circuits are molded into plastic housings in a new technology introduced at K
2010 by A. Schulman, a plastics compounder based in Akron, OH.
showed an electrically conductive plastic compound developed for Hella KGaA Hueck &
Co., a Finnish lighting manufacturer.
tin are loaded at a very high level (60 and 25 percent respectively) in
polyamide 6. The tin acts like a solder connecting the copper fibers.
conductivity of the compound is 1,000 times better than the next most
conductive plastic compound available (plastic loaded with steel fibers)," says
Thilo Stier, innovation manager for A. Schulman.
production part is a light that can be used for automotive or other end-market
production process is novel.
ABS plate and the PMMA (acrylic) reflector are injection molded in a
three-component process. The electrical resistor, diodes, LED and contact pins
for the plug are inserted and connected with the new conductive compound, which
is called Schulatec
TinCo 50. The ABS-coated reflector is then mounted to ensure watertight
the material can be used for housings and lighting applications. The new
technology permits new design opportunities while also reducing costs through
integration of structural and electrical functions into one part.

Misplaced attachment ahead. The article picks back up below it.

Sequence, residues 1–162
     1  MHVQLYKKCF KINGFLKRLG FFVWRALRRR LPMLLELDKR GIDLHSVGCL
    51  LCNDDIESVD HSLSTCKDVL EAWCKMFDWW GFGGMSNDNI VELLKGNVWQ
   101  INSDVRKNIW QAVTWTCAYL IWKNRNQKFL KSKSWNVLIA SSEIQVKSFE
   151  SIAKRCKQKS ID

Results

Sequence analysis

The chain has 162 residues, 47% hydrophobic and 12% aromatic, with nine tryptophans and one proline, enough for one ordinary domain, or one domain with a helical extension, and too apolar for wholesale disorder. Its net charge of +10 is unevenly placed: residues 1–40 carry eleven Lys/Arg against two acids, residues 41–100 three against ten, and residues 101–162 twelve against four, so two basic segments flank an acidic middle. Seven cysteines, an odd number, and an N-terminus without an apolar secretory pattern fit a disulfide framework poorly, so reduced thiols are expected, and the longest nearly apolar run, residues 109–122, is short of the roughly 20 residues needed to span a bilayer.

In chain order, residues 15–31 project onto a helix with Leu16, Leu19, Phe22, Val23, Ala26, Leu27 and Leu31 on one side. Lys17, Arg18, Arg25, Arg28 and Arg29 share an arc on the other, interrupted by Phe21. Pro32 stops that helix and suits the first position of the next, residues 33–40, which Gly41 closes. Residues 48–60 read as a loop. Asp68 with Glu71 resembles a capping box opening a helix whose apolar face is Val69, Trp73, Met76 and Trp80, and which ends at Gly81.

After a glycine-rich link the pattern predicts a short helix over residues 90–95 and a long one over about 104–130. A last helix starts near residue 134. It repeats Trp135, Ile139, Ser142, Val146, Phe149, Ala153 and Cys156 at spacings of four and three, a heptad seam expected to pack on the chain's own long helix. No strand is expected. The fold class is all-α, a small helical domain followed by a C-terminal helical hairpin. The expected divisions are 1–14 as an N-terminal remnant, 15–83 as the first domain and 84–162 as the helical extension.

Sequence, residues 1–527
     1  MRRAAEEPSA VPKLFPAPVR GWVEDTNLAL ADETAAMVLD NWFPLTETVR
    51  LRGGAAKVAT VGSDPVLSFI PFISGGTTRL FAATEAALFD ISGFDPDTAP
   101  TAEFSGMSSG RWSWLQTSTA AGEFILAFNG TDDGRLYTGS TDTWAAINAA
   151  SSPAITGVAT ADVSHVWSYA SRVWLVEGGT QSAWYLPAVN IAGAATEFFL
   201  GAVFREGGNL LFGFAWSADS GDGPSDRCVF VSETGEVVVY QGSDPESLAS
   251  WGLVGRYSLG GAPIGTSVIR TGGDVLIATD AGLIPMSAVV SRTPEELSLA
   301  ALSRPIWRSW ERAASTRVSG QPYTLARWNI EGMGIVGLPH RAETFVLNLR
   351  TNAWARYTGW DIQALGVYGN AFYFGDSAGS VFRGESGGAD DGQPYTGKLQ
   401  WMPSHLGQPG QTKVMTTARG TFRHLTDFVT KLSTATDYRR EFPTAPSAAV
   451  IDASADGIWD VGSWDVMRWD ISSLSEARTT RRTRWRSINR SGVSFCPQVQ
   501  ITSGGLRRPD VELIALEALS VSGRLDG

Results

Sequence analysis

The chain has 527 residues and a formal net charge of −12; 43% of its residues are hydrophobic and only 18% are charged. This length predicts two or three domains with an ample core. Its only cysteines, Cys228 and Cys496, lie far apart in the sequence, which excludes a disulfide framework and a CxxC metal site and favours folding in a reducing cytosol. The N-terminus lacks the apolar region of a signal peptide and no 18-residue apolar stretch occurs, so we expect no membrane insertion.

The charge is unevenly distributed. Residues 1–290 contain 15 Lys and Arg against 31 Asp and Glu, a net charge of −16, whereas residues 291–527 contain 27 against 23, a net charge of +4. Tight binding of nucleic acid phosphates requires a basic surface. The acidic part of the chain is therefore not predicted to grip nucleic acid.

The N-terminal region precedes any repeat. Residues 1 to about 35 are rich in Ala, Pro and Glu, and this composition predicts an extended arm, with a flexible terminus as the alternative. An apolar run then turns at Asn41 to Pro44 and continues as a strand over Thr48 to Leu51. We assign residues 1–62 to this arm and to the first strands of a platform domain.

electrical conductivity of the compound is in the range of 5 x 105
S/m. The conductivity of copper alone is 5.69 x 107 S/m.
the technology began with Siemens in 1998 and was later supported by IKV Aachen, a German research
The company says it anticipates high-definition video for home security and other uses will be the next mature technology integrated into the IoT domain, hence the introduction of its MatrixCam devkit.
Siemens and Georgia Institute of Technology are partnering to address limitations in the current additive manufacturing design-to-production chain in an applied research project as part of the federally backed America Makes program.
Most of the new 3D printers and 3D printing technologies in this crop are breaking some boundaries, whether it's build volume-per-dollar ratios, multimaterials printing techniques, or new materials types.
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